Alpine Immune Sciences Presents Design of the ALPN-202 Phase 1 Study (NEON-1) at AACR Virtual Annual Meeting I
- NEON-1 is now open for enrollment for patients with advanced malignancies -
Many patients treated with checkpoint inhibitors fail to achieve an objective or complete anti-tumor response. This could be due to a lack of sufficient T cell costimluation in the tumor microenvironment, such as inadequate CD28 ligands. To address this, ALPN-202 was designed to inhibit both the PD-L1 and CTLA-4 checkpoints, while also providing a CD28 costimulatory signal. Importantly, ALPN-202’s costimulatory function is designed to depend upon PD-L1, to help ensure clinical safety and tolerability.
NEON-1 includes two parts: dose escalation and expansion cohort(s). It will enroll adults with advanced solid tumors or lymphoma refractory or resistant to standard therapy, including checkpoint inhibitors when indicated. Measurable disease is required for most participants, as are an ECOG status of 0 to 2 and adequate hematological, renal, and hepatic function. Dose escalation begins with single-participant cohorts to minimize the number of participants anticipated to receive subtherapeutic doses, followed by standard 3 + 3 cohorts where two dose regimens, weekly versus every three weeks, will be studied in parallel. Expansion cohorts will explore specific tumor types and/or biomarker-selected tumors, based upon the experience during dose escalation. Safety endpoints include dose-limiting toxicities, adverse events, and circulating cytokines. Objective responses will be assessed by RECIST v1.1 for solid tumors and Lugano criteria for lymphoma. Pharmacokinetics and pharmacodynamics will also be evaluated.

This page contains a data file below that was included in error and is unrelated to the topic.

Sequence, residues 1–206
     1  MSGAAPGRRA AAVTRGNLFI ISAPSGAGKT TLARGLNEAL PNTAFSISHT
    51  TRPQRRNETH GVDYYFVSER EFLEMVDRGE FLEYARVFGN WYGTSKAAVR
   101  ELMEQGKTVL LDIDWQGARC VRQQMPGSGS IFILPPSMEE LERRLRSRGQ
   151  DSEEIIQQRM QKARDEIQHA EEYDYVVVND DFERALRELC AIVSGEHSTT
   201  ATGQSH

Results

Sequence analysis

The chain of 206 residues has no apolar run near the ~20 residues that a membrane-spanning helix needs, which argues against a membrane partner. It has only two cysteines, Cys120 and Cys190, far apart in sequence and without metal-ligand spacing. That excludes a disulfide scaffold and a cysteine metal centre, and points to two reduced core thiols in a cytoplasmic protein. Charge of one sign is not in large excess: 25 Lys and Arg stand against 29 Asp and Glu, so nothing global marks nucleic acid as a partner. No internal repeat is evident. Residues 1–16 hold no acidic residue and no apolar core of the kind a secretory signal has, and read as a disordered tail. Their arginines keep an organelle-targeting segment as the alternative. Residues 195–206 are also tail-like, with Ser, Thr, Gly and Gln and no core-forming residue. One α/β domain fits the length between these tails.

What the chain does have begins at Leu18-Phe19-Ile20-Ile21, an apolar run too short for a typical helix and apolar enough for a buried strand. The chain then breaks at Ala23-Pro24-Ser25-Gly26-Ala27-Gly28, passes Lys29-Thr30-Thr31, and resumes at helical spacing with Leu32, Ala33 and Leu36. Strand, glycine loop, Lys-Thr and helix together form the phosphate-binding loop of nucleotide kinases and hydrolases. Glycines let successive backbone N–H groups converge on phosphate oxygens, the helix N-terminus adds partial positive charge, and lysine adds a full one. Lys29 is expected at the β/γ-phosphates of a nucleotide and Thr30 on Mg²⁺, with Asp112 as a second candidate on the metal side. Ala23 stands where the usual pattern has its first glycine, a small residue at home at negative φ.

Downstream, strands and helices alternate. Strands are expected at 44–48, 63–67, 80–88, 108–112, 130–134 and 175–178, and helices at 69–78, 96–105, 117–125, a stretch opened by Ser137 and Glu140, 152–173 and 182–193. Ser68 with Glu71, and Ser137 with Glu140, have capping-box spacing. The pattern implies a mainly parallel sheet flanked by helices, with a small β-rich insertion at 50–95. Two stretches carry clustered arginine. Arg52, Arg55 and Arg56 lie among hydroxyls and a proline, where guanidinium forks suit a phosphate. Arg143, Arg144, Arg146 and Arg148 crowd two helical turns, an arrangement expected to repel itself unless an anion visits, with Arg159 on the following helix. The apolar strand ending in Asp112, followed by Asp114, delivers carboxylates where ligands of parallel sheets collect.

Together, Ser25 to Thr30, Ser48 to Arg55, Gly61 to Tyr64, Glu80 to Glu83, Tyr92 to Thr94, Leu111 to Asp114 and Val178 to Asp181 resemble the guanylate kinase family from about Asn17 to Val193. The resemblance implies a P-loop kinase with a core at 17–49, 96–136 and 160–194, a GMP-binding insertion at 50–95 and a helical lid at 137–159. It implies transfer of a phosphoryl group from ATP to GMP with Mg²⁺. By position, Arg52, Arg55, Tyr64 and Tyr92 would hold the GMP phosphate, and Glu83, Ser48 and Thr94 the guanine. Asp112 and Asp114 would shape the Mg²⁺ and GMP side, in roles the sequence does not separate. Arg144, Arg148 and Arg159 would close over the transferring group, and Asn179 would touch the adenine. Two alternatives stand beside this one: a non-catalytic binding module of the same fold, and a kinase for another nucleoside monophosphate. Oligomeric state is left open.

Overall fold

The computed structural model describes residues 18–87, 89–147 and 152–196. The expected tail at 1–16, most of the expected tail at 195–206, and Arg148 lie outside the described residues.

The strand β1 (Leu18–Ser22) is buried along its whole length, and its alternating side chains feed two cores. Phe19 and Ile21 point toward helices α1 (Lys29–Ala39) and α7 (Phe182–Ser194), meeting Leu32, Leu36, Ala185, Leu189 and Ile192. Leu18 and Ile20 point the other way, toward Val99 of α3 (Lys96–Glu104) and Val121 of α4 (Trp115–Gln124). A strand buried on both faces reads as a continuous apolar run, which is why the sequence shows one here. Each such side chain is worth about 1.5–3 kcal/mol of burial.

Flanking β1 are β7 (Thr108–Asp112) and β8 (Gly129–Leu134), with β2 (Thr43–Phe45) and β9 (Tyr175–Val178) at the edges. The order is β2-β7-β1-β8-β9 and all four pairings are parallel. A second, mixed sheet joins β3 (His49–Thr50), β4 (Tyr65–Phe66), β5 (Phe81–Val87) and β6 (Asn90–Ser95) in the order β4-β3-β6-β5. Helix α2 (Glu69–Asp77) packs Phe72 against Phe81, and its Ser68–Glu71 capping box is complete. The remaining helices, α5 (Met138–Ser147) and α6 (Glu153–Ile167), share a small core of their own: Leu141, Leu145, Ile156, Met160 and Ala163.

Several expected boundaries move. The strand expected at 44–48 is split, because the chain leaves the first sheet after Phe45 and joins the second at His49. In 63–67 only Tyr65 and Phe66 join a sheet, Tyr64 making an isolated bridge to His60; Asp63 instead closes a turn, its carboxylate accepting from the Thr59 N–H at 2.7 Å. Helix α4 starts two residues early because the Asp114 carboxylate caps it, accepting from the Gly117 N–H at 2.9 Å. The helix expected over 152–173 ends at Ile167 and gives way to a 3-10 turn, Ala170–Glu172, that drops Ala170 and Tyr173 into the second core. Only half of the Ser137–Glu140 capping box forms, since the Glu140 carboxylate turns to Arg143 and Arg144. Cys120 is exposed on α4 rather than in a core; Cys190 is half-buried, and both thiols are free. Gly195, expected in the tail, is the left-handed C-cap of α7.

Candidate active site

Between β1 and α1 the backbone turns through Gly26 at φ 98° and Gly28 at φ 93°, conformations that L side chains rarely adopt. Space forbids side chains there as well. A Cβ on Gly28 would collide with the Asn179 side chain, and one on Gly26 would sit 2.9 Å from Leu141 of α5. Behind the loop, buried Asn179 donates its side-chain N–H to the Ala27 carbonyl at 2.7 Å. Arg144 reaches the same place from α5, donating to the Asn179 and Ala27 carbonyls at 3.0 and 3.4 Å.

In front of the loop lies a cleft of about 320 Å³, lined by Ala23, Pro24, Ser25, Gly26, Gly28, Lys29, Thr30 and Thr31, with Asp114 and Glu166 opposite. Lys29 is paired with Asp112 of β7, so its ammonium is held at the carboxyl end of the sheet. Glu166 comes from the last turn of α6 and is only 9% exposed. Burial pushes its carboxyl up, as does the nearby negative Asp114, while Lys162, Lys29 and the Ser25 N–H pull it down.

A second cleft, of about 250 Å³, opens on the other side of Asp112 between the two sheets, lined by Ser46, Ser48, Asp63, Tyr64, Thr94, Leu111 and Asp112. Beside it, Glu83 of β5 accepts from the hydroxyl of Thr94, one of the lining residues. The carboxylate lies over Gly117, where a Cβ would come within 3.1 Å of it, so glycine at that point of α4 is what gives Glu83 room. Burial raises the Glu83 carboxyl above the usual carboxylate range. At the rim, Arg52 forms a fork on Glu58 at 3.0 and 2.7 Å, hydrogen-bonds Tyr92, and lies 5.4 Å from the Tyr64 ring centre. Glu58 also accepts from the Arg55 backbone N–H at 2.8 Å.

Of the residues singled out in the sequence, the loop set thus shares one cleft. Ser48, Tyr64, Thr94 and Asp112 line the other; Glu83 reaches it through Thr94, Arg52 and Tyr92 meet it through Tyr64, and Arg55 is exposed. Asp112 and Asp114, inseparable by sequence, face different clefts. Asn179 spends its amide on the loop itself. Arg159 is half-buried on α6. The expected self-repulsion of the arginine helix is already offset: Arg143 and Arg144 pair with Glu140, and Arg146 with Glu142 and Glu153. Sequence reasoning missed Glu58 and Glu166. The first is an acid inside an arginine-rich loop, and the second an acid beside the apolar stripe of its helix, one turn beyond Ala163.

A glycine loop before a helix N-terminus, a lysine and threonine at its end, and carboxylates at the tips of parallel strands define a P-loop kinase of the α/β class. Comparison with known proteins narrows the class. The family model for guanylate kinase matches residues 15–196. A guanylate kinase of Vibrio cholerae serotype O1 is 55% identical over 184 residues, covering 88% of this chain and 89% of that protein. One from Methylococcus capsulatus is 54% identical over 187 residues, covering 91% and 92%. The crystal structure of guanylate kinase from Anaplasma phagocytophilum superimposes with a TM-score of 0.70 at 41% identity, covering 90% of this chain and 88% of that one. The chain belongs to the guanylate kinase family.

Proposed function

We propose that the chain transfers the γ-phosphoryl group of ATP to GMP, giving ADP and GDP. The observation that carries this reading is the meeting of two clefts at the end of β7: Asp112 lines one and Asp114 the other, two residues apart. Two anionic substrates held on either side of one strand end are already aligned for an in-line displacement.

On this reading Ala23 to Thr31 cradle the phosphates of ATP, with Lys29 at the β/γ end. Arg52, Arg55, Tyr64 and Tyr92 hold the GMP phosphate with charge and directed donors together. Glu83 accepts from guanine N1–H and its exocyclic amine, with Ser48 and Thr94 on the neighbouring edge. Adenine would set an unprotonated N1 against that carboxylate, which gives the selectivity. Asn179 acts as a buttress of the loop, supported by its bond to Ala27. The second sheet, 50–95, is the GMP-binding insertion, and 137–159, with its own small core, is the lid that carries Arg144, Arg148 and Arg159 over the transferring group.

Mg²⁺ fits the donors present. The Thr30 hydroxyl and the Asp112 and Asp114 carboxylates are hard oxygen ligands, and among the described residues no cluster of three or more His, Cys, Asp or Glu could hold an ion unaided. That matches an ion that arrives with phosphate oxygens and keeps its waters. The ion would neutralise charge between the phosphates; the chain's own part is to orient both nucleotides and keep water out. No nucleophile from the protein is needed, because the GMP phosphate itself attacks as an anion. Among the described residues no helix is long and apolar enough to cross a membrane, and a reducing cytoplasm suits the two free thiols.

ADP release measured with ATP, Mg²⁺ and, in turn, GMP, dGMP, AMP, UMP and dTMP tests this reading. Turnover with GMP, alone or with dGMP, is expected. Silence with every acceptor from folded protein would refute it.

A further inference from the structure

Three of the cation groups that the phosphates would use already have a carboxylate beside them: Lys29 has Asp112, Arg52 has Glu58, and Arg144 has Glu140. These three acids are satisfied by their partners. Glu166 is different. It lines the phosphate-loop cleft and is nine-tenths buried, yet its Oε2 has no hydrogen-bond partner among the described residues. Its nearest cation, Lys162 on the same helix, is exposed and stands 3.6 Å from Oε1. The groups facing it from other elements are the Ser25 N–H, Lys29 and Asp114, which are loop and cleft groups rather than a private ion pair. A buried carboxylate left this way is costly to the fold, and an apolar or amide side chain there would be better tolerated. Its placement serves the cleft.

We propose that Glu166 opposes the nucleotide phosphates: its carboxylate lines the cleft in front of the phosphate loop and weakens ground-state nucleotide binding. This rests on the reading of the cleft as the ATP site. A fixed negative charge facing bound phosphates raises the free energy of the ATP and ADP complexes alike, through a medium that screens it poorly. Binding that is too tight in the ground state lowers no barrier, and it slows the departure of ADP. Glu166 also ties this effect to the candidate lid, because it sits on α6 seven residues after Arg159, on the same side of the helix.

“We are particularly pleased to see ALPN-202 enter the clinic,” said
AACR has made the 2020 virtual Annual Meeting presentations freely available. Alpine’s recorded oral presentation of the NEON-1 trial design can be accessed here.
ALPN-202 is a first-in-class, conditional CD28 costimulator and dual checkpoint inhibitor with the potential to improve upon the efficacy of combined checkpoint inhibition while limiting significant toxicities. Preclinical studies of ALPN-202 have successfully demonstrated superior efficacy in tumor models compared to checkpoint inhibition alone. A phase 1 trial of ALPN-202 in advanced malignancies (NEON-1, NCT04186637) is open for enrollment.
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